On July 2 1865 a tall dishevelled man with dark unruly hair and a hooked nose stood up to speak in a tent on the Mile End Waste in Whitechapel in East London.
The tent was rather decrepit, and the crowd mostly represented everything that 'polite' society at the time would have abhorred - drunkards, street women, ruffians, people from the very poorest levels of society who all hoarded into the tent to listen to the guest speaker for the evening. The sight, and the smell of the crowd on that warm July evening must have been overwhelming!
But Rev William Booth, for it was he who stood in front of the crowd, felt immediately at home among these people. He hadn't grown up in the lap of luxury but had worked in a pawnbrokers shop from the age of 13. As a young Christian who desperately wanted to be an evangelist, he had been turned away or fallen out with several churches and congregations and had finally steered his own course and had travelled the country preaching the Gospel of Jesus Christ to the 'whosoever'. He and his wife Catherine, herself a talented speaker and writer, in setting up their own Christian ministry, had not opted for the luxurious option. They often found themselves penniless, raising eight little children and relying on the good nature of friends and family members for support. They lived on faith.
Yes, William and Catherine Booth knew what it felt like to be excluded from society, unloved by the majority and living on the very edge of financial disaster.
Yet when William stood up in that tent on the old Quaker Burial Ground, the guest of the East London Special Services Committee who had organised the evangelistic mission, it was the start of something which would eventually result in a worldwide Christian organisation which today spans the globe, and reaches out to millions of needy and disadvantaged people every day.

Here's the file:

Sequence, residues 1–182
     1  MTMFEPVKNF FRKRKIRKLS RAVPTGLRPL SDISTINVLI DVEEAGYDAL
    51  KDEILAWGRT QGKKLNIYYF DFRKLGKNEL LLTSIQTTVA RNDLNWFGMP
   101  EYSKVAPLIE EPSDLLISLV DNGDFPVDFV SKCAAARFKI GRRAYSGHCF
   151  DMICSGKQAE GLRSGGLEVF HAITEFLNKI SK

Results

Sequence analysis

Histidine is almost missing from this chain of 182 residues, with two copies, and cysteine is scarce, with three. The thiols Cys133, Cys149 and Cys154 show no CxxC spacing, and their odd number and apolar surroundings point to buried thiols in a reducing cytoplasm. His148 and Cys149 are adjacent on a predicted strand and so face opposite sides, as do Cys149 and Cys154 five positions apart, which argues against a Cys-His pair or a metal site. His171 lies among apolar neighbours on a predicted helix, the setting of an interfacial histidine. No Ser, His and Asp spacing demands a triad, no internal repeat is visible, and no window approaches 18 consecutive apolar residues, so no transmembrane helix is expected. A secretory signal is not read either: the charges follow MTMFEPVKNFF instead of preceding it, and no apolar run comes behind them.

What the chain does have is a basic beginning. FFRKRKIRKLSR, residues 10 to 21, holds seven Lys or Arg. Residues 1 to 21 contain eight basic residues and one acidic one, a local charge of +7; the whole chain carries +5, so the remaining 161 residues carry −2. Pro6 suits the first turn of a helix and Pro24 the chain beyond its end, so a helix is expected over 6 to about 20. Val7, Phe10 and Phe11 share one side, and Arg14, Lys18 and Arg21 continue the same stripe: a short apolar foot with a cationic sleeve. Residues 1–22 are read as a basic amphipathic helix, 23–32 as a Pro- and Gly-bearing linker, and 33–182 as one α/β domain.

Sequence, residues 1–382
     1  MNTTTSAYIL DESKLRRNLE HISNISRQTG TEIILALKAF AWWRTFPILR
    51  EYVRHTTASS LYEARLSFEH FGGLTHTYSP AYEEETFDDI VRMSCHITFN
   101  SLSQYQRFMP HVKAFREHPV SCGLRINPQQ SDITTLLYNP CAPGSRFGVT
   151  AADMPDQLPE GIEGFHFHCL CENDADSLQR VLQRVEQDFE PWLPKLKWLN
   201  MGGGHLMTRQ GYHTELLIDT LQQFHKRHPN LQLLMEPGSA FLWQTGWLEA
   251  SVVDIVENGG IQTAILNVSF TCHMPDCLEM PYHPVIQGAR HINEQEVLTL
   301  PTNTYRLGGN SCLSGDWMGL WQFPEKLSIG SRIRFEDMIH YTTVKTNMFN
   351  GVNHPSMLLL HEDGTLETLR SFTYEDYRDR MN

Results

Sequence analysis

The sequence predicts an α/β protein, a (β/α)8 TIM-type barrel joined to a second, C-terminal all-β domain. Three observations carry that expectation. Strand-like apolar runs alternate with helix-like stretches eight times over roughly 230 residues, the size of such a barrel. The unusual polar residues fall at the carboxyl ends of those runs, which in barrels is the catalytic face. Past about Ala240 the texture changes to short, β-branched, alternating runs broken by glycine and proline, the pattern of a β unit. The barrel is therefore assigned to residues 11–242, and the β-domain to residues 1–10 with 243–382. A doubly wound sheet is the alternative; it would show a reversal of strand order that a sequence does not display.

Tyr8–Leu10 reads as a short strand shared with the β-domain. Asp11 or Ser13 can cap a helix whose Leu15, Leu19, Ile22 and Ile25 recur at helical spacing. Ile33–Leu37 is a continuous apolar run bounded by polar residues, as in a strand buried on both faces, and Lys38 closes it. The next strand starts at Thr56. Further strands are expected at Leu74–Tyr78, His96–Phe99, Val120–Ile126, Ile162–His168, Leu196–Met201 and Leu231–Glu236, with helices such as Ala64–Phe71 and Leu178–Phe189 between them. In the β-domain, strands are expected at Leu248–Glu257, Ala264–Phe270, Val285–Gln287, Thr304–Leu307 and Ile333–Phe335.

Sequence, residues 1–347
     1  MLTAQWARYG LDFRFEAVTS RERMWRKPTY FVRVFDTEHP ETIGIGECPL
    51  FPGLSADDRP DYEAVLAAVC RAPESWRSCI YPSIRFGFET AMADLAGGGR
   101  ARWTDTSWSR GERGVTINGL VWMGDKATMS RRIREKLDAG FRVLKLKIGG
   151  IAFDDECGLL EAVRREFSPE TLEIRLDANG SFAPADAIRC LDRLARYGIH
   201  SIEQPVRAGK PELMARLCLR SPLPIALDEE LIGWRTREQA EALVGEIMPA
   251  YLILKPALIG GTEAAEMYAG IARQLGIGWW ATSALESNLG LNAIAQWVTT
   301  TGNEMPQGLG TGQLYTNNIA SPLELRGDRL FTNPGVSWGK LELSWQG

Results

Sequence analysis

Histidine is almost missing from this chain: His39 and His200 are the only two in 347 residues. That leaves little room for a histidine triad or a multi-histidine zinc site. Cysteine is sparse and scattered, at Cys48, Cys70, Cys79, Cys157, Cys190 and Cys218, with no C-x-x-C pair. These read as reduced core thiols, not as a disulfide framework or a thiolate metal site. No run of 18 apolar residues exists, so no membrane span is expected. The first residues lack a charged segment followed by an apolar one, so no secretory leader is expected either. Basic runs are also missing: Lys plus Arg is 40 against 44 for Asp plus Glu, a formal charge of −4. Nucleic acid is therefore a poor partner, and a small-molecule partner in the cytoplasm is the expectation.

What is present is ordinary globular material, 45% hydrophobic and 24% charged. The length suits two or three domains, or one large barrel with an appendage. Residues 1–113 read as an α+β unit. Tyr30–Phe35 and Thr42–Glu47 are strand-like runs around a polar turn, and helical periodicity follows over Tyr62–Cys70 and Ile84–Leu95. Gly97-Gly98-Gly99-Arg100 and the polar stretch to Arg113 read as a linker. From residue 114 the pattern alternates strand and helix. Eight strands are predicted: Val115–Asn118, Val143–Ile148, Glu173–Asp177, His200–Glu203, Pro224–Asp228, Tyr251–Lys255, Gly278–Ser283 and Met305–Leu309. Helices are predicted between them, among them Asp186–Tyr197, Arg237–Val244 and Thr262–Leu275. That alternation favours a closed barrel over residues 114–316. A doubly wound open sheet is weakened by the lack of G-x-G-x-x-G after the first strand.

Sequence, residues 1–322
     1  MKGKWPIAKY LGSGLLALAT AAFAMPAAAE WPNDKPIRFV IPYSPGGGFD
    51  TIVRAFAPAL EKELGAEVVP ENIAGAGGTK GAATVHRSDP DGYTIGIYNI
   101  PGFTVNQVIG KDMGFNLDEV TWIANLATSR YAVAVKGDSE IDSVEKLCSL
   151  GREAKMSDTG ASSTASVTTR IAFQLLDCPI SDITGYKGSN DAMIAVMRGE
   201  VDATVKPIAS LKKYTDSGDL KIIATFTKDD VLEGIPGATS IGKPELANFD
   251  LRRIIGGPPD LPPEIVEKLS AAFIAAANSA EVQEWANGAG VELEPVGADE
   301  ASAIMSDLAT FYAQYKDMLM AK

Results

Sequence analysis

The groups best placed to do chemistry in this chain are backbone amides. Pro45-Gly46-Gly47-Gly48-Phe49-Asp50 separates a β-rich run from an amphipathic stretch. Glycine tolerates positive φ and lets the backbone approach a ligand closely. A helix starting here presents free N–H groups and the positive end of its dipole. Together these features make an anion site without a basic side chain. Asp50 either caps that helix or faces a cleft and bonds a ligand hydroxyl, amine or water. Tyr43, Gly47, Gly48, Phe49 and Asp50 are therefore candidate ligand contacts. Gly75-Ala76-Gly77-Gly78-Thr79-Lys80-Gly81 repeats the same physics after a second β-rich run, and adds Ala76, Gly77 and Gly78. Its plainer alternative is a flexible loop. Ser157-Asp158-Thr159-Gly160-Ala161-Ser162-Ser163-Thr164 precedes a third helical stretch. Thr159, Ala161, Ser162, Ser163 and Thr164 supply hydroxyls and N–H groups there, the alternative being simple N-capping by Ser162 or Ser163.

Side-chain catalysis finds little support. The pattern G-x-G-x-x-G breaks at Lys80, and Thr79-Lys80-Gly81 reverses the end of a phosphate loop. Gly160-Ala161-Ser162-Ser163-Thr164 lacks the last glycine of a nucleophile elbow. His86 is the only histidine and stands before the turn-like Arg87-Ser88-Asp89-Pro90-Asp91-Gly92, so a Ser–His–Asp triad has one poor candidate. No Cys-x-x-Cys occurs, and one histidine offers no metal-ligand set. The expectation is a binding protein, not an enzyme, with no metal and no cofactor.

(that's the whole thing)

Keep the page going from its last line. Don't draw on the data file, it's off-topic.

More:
From the humble beginnings of a tent in the East End of London grew William and Catherine's own outreach and mission to the community where they found themselves - the East London Christian Mission, later to be known simply as The Christian Mission. Although the central focus of the Booth's organisation was always to see people's lives transformed by the love of God, eventually the Christian Mission developed into more than a 'preaching ministry' and into a practical mission, offering support and assistance - food, clothing, shelter, jobs - to those who found themselves at the bottom of the social pile. However, in the process, God also used the Booth's ministry to reach people from all levels of society, transforming millions of lives not just spritiually but practically.
It wasn't until 1878 that the Christian Mission was renamed The Salvation Army, but it is July 2 which is celebrated and marked every year as 'Founders' Day' - the 'start' of the ministry which grew into The Salvation Army.
Although we are nearly 150 years on from that tent on the Mile End Waste, the need of society is still great. People are still struggling to survive, struggling to make ends meet, battling addiction, finding themselves in situations from which it is difficult to exit. 'Polite' society still often looks down on those who they perceive to be weak, people remain voiceless and powerless. And The Salvation Army is still there - to help, to support, to bring the love of God into lives without love. Not necessarily offering a 'hand out' but invariably a 'hand up' - to help people help themselves out of their situations. More importantly, the spiritual needs are still great. People still have a need for the transforming love of Jesus Christ, no matter their social or economic status in the world today.
As William Booth stood preaching on that warm July evening in a tent on an old burial ground, he could not have foreseen what would come. But, undoubtedly, he trusted God for the future.
Perhaps THAT is the overriding message of Founders' Day - Trust God, he knows the future!
My book William and Catherine - their love story told through their letters is published in Autumn 2013 by Monarch Books.